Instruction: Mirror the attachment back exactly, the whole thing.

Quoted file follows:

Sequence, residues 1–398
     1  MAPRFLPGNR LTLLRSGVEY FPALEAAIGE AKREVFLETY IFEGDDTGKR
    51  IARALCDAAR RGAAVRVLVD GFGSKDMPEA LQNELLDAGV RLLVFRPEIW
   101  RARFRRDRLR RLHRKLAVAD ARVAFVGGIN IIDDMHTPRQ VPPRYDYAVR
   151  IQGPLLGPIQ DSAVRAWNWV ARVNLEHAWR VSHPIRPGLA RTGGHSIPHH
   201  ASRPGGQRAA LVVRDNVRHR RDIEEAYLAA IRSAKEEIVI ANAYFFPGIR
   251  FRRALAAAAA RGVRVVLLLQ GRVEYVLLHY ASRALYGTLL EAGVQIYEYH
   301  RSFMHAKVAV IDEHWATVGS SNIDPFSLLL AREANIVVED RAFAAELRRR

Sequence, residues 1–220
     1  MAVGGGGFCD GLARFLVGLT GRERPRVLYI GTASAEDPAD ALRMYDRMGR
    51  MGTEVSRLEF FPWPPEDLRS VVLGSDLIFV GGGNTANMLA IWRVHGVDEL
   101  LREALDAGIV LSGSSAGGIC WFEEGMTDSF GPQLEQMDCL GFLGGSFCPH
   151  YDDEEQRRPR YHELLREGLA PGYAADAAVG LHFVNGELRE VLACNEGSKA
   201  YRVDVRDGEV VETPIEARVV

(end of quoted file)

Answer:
Sequence, residues 1–398
     1  MAPRFLPGNR LTLLRSGVEY FPALEAAIGE AKREVFLETY IFEGDDTGKR
    51  IARALCDAAR RGAAVRVLVD GFGSKDMPEA LQNELLDAGV RLLVFRPEIW
   101  RARFRRDRLR RLHRKLAVAD ARVAFVGGIN IIDDMHTPRQ VPPRYDYAVR
   151  IQGPLLGPIQ DSAVRAWNWV ARVNLEHAWR VSHPIRPGLA RTGGHSIPHH
   201  ASRPGGQRAA LVVRDNVRHR RDIEEAYLAA IRSAKEEIVI ANAYFFPGIR
   251  FRRALAAAAA RGVRVVLLLQ GRVEYVLLHY ASRALYGTLL EAGVQIYEYH
   301  RSFMHAKVAV IDEHWATVGS SNIDPFSLLL AREANIVVED RAFAAELRRR

Sequence, residues 1–220
     1  MAVGGGGFCD GLARFLVGLT GRERPRVLYI GTASAEDPAD ALRMYDRMGR
    51  MGTEVSRLEF FPWPPEDLRS VVLGSDLIFV GGGNTANMLA IWRVHGVDEL
   101  LREALDAGIV LSGSSAGGIC WFEEGMTDSF GPQLEQMDCL GFLGGSFCPH
   151  YDDEEQRRPR YHELLREGLA PGYAADAAVG LHFVNGELRE VLACNEGSKA
   201  YRVDVRDGEV VETPIEARVV